The Atlantic Ocean just off the coast of Morocco is bubbling as a new Canary Island prepares to breach the surface.
As of Thursday, according to the Daily Mail, it was still 70 meters (nearly 330 feet) below the surface but you can already see the action from the erupting volcano:
As exciting as this may be, the birth of this new island from the El Hierro volcano is rather dangerous and the port town of La Restinga on the coast of southern-most Canary Island (El Hierro Island) has been evacuated due to the threat of a violent eruption. Right now the new island is in its "jaccuzi" phase -- you can see where it gets this name in the pictures -- according to Volcano Discovery -- but it soon will enter its "Surtseyan" phase, which can get violent:
When the next (so-called Surtseyan) phase of violent, sustained steam and ash explosions starts is yet unknown, but it seems very likely now and could even happen very soon. This type of phreatomagmatic activity is caused by the interaction of lava close to the sea surface and is the second phase of building a new island.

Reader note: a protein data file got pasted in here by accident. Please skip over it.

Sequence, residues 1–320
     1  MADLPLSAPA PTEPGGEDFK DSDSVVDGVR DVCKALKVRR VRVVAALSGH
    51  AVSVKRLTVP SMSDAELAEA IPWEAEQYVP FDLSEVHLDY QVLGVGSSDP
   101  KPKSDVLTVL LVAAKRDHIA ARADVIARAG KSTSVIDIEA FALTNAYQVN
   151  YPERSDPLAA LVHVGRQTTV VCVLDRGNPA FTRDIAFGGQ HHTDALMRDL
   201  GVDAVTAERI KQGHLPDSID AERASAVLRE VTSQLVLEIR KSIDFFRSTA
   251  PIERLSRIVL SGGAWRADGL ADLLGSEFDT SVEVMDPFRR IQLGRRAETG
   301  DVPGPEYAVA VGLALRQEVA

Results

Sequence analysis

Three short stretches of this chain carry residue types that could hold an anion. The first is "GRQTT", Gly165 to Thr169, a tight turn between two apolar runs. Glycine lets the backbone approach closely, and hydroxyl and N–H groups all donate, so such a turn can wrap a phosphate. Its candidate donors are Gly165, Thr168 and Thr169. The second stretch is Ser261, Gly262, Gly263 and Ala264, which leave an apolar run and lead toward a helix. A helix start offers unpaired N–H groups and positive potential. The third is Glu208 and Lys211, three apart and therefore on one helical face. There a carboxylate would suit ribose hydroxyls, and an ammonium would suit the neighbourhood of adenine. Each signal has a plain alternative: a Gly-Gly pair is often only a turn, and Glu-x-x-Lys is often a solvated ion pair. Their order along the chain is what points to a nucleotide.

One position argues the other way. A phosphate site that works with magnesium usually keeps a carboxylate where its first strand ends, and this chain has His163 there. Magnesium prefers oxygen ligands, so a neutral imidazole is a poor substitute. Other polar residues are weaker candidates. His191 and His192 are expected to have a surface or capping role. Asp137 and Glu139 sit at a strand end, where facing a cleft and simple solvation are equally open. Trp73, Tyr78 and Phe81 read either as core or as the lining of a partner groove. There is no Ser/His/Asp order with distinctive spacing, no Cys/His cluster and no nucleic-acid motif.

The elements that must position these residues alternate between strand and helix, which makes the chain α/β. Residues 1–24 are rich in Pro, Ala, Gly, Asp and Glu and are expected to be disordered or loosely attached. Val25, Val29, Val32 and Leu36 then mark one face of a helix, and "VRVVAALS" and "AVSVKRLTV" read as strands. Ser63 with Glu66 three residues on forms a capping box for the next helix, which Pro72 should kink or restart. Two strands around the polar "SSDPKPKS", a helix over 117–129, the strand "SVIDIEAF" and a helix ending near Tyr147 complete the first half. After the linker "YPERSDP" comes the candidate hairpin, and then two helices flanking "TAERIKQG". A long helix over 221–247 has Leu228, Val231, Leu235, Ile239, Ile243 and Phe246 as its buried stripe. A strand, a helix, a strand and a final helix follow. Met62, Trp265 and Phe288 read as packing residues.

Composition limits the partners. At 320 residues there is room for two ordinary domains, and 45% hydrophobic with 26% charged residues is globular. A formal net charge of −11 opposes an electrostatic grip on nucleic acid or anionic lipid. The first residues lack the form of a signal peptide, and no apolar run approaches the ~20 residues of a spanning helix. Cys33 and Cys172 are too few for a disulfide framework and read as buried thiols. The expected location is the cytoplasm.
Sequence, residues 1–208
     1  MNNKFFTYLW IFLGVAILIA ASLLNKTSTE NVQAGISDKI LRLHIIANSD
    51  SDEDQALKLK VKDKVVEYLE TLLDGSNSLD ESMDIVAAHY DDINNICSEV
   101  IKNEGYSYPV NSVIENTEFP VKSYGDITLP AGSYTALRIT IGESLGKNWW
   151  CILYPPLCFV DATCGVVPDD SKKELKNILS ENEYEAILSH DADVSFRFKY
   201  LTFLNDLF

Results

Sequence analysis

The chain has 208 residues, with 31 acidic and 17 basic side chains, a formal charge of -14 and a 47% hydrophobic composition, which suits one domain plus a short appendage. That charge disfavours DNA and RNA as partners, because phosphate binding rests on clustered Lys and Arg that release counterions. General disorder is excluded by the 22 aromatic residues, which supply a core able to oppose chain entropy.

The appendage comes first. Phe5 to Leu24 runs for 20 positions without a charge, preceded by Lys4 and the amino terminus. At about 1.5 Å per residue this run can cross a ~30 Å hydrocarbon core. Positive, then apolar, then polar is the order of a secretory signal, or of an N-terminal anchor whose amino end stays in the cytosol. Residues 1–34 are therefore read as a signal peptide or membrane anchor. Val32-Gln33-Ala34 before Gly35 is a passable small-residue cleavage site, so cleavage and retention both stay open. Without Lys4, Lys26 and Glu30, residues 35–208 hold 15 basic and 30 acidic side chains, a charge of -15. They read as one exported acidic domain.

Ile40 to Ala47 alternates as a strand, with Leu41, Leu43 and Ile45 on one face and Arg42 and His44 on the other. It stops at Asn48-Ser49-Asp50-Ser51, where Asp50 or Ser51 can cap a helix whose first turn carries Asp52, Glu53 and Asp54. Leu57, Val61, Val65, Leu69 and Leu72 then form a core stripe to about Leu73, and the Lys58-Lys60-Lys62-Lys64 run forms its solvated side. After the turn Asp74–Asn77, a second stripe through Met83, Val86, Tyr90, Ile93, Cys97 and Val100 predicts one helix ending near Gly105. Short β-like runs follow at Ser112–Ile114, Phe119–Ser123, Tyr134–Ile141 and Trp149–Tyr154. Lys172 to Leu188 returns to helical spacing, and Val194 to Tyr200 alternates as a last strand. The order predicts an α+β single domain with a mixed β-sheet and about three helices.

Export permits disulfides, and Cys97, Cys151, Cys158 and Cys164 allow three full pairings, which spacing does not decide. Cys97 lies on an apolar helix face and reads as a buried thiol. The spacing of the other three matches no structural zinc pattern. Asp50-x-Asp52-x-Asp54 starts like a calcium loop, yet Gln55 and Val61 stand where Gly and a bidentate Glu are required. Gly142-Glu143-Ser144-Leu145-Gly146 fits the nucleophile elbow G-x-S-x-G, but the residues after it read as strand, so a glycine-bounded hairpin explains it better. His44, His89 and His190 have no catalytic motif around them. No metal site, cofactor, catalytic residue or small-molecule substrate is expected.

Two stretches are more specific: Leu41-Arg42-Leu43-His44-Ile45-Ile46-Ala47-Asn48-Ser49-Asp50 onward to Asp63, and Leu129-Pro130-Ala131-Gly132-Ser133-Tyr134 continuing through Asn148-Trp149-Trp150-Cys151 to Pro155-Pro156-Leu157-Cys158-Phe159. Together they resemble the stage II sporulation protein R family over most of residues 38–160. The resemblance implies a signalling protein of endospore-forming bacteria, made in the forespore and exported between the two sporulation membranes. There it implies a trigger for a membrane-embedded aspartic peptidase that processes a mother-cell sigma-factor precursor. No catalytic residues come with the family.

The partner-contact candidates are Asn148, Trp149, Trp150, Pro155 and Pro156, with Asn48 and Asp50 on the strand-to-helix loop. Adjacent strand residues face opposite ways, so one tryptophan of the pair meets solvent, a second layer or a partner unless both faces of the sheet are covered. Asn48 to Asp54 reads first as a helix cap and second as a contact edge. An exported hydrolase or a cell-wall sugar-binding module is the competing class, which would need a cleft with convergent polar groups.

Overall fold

Shipping to the area has stopped, according to Daily Mail, and researchers collecting samples from the water on boats have been ordered to leave:
Volcano expert Juan Carlos Carrecedo said at the time: 'There is a ball of magma rising to the surface producing a series of ruptures which generate seismic activity.
"We don't know if that ball of magma will break through the crust and cause an eruption."
But he warned an eruption was possible "in days, weeks or months". The last eruption on El Hierro was in 1793 and lasted for a month while the last one in the Canary Islands as a whole took place on the island of La Palma in 1971.
The Daily Mail reports that El Hierro Island was shook by a 4.3-magnitude quake on Saturday and Volcano Discovery notes that seismic activity will remain high as the volcano continues to erupt. Reports are that residents began seeing activity on the surface of the water last month, but many have been cautioning of an eruption since July.